A Wideband Receiving Loop
November 19, 2010 4 Comments
The antenna I’ve been using the most recently is a wideband receiving loop. The wideband nature of the antenna allows me to quickly find out what’s going on on different bands without having to re-tune the antenna.
The loop element is the one I built for the active tuned loop. The amplifier was designed by John Hawes; I built about two years ago in an enclosure designed for wire loops. The wire loops did not work well. But I found that the amplifier worked well with the aluminum tubing loop element, so I built a new enclosure that can be weather-proofed. This setup works very well.
The original enclosure, shown below on the left, was great for experimenting with different loop elements, but the connections where exposed to the elements when the amplifier was left outdoors. I used it not only with loops, but also with a short dipole (old telescopic TV rabbit ears); it worked, but not terribly well. The loop element works much better.
The antenna works well from at least 7MHz to 14Mhz, which is the range of my Softrock radio. In the map below you can see WSPR reception reports from one night, mostly at 7MHz. It also works at 18MHz (the Softrock received some WSPR signals there even though it’s input filter attenuates them significantly). I suppose that the antenna works well below 7MHz, but I can’t test this right now. An article by Chris Trask shows that the resistance of a 1 meter loop element is low up to about 15 MHz, where it starts raising very quickly (more on his article later). So I suspect that the amplifier, which has a balanced 50Ω input, is reasonably well matched to the loop only up to about 15MHz. I’ll test the loop at higher frequencies at some point.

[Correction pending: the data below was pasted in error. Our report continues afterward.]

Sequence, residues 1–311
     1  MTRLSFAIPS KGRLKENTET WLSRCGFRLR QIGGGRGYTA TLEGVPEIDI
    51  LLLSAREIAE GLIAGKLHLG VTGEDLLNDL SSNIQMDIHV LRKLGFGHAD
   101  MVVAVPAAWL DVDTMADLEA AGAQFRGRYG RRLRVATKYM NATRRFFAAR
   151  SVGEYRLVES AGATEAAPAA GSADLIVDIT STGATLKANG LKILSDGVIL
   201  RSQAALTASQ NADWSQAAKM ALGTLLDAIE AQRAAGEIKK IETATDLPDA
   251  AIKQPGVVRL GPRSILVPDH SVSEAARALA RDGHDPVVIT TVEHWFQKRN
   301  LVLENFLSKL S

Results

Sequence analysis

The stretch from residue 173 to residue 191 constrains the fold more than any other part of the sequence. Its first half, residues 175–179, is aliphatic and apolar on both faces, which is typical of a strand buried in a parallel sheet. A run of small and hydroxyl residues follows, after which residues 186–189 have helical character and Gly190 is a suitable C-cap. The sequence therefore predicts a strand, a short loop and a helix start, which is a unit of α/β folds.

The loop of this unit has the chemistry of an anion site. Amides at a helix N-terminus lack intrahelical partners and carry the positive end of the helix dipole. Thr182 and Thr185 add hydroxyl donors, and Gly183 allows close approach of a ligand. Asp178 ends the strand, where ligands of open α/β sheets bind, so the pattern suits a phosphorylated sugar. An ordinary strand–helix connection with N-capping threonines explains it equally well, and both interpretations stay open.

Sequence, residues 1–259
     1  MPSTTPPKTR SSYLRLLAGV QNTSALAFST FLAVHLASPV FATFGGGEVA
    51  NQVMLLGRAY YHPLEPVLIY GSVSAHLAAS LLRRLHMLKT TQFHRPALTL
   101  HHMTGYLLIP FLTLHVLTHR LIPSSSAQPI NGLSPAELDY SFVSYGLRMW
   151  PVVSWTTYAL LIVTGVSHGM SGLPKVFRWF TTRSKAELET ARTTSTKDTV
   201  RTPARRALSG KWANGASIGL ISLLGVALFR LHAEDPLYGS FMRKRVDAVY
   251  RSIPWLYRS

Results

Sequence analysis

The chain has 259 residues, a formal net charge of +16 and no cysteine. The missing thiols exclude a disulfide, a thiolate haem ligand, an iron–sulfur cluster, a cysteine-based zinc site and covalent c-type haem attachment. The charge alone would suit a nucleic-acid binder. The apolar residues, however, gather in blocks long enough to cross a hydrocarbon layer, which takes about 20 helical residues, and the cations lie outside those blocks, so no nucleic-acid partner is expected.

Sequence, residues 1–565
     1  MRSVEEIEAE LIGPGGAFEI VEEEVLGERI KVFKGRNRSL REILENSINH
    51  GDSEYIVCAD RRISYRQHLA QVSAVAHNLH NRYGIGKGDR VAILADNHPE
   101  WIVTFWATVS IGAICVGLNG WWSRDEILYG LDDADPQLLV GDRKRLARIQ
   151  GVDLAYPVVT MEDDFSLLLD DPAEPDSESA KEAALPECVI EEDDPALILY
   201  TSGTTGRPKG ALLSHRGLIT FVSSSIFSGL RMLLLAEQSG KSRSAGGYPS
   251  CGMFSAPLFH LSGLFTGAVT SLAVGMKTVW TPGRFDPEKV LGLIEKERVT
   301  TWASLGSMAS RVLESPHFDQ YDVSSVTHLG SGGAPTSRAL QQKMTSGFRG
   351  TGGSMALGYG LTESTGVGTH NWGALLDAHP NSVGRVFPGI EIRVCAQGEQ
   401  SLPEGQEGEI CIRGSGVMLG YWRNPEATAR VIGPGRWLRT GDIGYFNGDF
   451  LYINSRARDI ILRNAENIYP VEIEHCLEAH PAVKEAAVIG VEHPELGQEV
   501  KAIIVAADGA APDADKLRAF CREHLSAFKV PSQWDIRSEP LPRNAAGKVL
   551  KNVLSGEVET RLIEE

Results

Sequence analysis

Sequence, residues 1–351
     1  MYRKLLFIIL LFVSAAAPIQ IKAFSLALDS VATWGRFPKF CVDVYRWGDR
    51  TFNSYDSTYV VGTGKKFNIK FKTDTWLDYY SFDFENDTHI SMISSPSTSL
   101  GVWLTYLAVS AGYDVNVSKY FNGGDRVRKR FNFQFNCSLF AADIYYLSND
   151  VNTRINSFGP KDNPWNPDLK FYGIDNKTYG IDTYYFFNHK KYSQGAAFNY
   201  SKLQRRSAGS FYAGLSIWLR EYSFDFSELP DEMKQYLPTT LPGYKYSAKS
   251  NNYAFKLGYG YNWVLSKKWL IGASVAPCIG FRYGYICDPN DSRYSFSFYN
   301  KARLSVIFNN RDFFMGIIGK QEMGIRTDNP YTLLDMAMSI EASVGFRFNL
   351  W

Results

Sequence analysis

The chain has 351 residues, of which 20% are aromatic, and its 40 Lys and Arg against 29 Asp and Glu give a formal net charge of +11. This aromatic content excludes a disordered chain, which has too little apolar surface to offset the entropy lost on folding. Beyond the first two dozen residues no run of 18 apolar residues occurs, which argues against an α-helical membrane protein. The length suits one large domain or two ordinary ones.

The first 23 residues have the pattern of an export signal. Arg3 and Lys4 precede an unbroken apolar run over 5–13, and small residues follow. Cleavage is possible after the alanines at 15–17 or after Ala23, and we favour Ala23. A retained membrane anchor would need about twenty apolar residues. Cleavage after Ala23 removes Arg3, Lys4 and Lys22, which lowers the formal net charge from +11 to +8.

The main problem with wideband preamplifiers, like the one I used, is that they are prone to overloading by large signals at frequencies far from the one you are interested in. I did not experience any obvious overloading problems. But it’s of course possible that if somebody starts transmitting close to me, the amplifier will overload. Chris Trask’s article, which I mentioned above, describes a wideband loop preamplifier that’s a lot more sophisticated than the one I built. It’s dynamic range is probably much higher. But since I did not experience any problems yet, I was not eager to build the more complex circuit. (His article, wideband loop antenna amplifier, is available on a Yahoo group; you need to register to access it.)
My build of John Hawes’ amplifier is almost an exact reproduction, except that I used a ready-made 1:1 output transformer from Coilcraft, a WB1010-PCL with a 780μH inductance, rather than a ferrite torodial transformer. It works well.